E-Fauna BC: Electronic Atlas of the Wildlife of British Columbia

Latrodectus hesperus Chamberlin & Ivie, 1935
Western Black Widow; Widow Spider
Family: Theridiidae

Photo of species

© Bryan Kelly-McArthur  Email the photographer   (Photo ID #101475)

E-Fauna BC Static Map
Distribution of Latrodectus hesperus in British Columbia
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Introduction


There are five species of black widow spiders in North America, north of Mexico. The species found in British Columbia is the western black widow spider. This species of cobweb spider, or comb-footed spider, is found from southern Saskatchewan, Alberta and British Columbia south into Mexico. In British Columbia, it is widespread in southern BC and is most commonly found under objects in hot, dry localities. The look-alike false black widow spider (Steatoda grossa) is widespread throughout the province. It may be mistaken for the black widow, but lacks the red hour-glass on its abdomen. In coastal British Columbia, the western black widow is often found naturally co-occuring with two introduced species of European house spiders: the giant house spider, Tegenaria duellica and the hobo spider, Tegenaria agrestis (Araneae: Agelenidae). Research in BC has shown that populations of western black widows are socially organized – immature and other females band together to improve their prey foraging success while mated, mature females disperse to rear their egg cases in private (Salomon et al. 2010).

Black widow spider venom is potentially dangerous to humans but these spiders are not aggressive and bites to humans are exceedingly rare, even in places where widow spiders are abundant. A variety of medical conditions are often misdiagnosed as being the result of spider bites. For appropriate and effective treatment, it is important that symptoms be accurately diagnosed. Read the article in Canadian Family Physician by Robb Bennett and Rick Vetter on the misdiagnosis of spider bites in Canada. For a review of the medical mythology associated with spider bites, read the article in Lancet by Geoffroy Isbister (2004). For excellent information regarding those "mystery bites and itches" that are commonly mistaken for spider bites, read this article.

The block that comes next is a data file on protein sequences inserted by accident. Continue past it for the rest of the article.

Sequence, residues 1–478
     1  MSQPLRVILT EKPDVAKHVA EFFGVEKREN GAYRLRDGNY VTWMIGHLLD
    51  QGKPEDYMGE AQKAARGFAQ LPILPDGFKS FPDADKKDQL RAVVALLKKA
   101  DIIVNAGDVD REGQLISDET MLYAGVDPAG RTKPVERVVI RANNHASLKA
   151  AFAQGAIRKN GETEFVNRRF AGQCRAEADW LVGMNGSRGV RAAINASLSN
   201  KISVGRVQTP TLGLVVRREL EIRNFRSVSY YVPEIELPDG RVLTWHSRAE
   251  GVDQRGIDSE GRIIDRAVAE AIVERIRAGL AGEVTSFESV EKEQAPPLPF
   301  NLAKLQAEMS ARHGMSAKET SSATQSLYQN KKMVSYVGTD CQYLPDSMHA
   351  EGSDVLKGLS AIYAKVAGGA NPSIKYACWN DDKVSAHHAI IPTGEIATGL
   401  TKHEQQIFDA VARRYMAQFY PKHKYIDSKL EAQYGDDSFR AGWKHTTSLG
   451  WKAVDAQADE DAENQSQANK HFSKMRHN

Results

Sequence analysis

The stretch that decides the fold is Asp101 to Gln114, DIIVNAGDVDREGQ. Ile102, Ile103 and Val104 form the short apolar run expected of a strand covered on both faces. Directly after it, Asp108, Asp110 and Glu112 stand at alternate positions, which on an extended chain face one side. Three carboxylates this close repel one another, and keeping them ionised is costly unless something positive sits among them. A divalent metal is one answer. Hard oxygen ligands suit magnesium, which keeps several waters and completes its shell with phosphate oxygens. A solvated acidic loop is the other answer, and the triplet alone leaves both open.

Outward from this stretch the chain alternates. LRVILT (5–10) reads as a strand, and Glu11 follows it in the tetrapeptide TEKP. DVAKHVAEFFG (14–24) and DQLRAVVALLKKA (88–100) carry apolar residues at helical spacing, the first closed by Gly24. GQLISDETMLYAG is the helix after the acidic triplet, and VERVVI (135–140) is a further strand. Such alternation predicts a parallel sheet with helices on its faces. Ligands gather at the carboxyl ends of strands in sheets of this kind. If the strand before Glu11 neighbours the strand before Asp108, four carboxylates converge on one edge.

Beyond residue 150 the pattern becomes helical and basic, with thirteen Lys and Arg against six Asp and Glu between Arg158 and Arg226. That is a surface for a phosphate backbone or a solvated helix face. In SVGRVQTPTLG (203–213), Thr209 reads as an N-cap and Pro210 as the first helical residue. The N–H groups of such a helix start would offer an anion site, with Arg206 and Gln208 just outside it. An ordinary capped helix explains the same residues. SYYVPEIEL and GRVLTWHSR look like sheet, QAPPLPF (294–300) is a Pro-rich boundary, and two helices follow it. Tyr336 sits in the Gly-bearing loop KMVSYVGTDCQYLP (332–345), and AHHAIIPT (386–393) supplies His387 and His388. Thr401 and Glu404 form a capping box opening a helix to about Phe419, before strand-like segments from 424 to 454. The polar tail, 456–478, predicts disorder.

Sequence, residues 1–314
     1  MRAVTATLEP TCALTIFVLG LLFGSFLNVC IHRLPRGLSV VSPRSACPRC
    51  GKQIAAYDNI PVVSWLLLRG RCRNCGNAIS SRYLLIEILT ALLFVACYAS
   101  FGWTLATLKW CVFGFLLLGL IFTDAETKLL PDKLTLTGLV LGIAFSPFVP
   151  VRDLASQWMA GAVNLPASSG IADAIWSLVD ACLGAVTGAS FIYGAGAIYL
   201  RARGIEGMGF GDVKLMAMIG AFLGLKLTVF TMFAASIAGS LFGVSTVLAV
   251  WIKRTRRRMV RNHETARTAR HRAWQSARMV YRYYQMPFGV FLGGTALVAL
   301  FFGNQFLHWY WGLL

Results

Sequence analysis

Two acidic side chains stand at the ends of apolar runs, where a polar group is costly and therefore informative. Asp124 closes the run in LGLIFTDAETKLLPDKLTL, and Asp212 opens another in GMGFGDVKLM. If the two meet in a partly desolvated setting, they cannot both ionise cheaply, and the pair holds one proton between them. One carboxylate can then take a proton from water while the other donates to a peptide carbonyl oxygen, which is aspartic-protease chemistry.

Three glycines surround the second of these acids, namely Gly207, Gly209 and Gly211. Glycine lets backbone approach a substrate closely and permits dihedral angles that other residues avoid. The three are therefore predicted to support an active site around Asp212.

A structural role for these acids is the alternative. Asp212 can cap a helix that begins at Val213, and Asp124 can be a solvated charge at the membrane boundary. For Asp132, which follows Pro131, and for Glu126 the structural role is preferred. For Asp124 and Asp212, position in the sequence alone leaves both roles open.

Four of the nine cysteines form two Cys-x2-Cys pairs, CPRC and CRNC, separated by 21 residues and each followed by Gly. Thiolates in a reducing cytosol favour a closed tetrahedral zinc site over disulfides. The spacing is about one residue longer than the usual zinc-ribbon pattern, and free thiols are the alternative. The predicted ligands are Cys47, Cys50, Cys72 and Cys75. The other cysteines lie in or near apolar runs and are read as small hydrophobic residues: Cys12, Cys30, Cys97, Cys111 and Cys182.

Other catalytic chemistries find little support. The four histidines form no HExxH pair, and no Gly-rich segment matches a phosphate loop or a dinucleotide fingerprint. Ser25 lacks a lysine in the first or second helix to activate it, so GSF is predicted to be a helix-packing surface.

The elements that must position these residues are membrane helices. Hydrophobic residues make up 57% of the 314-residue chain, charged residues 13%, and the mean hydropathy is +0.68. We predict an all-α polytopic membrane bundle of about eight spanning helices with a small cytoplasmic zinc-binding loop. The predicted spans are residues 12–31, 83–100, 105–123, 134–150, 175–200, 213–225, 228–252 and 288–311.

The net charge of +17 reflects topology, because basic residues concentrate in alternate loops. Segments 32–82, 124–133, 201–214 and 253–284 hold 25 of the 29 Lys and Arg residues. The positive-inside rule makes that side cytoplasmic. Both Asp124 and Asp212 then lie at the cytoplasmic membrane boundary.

Author: Robb Bennett, Research Associate, Royal BC Museum

Status Information

Origin StatusProvincial StatusBC List
(Red Blue List)
COSEWIC
NativeSNRNo StatusNot Listed
BC Ministry of Environment: BC Species and Ecosystems Explorer--the authoritative source for conservation information in British Columbia.

Additional Photo Sources

Species References

Isbister,Geoffrey K. 2004. Necrotic arachnidism: the mythology of a modern plague. Lancet 364: 549-53.

Salomon, M., S. Vibert, and R.G. Bennett. 2010. Habitat use by western black widow spiders (Latrodectus hesperus) in coastal British Columbia: evidence of facultative group living. Canadian Journal of Zoology 88: 334-346.

General References


Recommended citation: Author, Date. Page title. In Klinkenberg, Brian. (Editor) 2021. E-Fauna BC: Electronic Atlas of the Fauna of British Columbia [efauna.bc.ca]. Lab for Advanced Spatial Analysis, Department of Geography, University of British Columbia, Vancouver. [Accessed: 2021-12-04 5:24:29 PM]
Disclaimer: The information contained in an E-Fauna BC atlas pages is derived from expert sources as cited (with permission) in each section. This information is scientifically based.  E-Fauna BC also acts as a portal to other sites via deep links.  As always, users should refer to the original sources for complete information.  E-Fauna BC is not responsible for the accuracy or completeness of the original information.


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